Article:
Government enforcement actions have returned tens of billions of dollars to consumers, investors and employees. This “public enforcement compensation” is important to effective civil law enforcement, yet it is poorly understood and increasingly criticized. Recent scholarship asserts that public compensation mimics class action recoveries and raises the same concerns of accountability to recipients of relief. This Article rejects the class action analogy and presents an alternative framework grounded in the law and practice of public enforcement for understanding the relationship between public compensation and private rights.
One scholar goes further and contends that state attorneys general violate constitutional Due Process protections in obtaining public compensation, but this claim rests on a patently incorrect understanding of how courts view preclusion of private claims subsequent to a public enforcement action. This Article explicates preclusion law as applied to public compensation and explains the primary reason for the scholarly error, which is a failure to appreciate the varying legal authority for public compensation in different regulatory fields.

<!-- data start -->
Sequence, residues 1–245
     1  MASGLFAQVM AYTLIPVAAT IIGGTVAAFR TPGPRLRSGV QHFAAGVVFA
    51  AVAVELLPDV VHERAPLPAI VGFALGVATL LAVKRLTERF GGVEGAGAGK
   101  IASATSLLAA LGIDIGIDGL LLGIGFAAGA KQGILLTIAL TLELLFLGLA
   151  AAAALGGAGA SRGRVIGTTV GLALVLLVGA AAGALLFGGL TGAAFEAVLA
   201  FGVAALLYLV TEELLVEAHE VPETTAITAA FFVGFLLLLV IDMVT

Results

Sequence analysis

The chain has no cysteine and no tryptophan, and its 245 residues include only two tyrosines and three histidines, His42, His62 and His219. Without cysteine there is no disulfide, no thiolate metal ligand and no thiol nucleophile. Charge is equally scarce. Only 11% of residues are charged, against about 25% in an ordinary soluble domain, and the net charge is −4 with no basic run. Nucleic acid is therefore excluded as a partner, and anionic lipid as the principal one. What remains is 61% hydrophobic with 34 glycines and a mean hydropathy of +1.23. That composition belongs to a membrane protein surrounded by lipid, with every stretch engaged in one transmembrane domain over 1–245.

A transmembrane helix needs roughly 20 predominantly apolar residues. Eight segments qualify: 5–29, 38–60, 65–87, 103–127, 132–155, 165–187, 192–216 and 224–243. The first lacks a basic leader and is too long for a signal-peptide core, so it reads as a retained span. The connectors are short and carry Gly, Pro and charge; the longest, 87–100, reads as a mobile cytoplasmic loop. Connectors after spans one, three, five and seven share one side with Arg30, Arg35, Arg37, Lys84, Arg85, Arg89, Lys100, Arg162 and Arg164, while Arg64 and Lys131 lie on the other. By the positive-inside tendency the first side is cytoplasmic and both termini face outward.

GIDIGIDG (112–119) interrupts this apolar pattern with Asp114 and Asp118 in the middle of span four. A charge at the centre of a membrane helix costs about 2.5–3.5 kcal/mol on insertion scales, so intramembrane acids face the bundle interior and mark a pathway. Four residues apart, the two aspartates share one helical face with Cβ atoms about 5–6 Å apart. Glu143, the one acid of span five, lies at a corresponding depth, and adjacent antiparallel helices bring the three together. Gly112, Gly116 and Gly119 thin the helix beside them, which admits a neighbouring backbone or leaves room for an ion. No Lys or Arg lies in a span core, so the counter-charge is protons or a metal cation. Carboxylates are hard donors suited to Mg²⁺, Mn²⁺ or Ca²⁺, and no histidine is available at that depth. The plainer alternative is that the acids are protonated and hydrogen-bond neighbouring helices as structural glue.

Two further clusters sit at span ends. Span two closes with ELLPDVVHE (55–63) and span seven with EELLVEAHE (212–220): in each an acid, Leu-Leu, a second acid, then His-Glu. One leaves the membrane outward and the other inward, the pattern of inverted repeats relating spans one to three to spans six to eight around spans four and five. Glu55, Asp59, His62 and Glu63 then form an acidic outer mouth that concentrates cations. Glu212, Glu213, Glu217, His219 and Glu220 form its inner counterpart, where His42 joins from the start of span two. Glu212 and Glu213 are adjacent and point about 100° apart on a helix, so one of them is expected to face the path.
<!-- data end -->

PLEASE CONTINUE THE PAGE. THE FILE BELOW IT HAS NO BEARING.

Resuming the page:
After clearing away the confusion resulting from the inapposite class action analogy and the incorrect understanding of preclusion, this Article focuses on two categories of cases in which public compensation can impair private rights. It proposes law reforms that would better align public enforcement with private rights in these circumstances.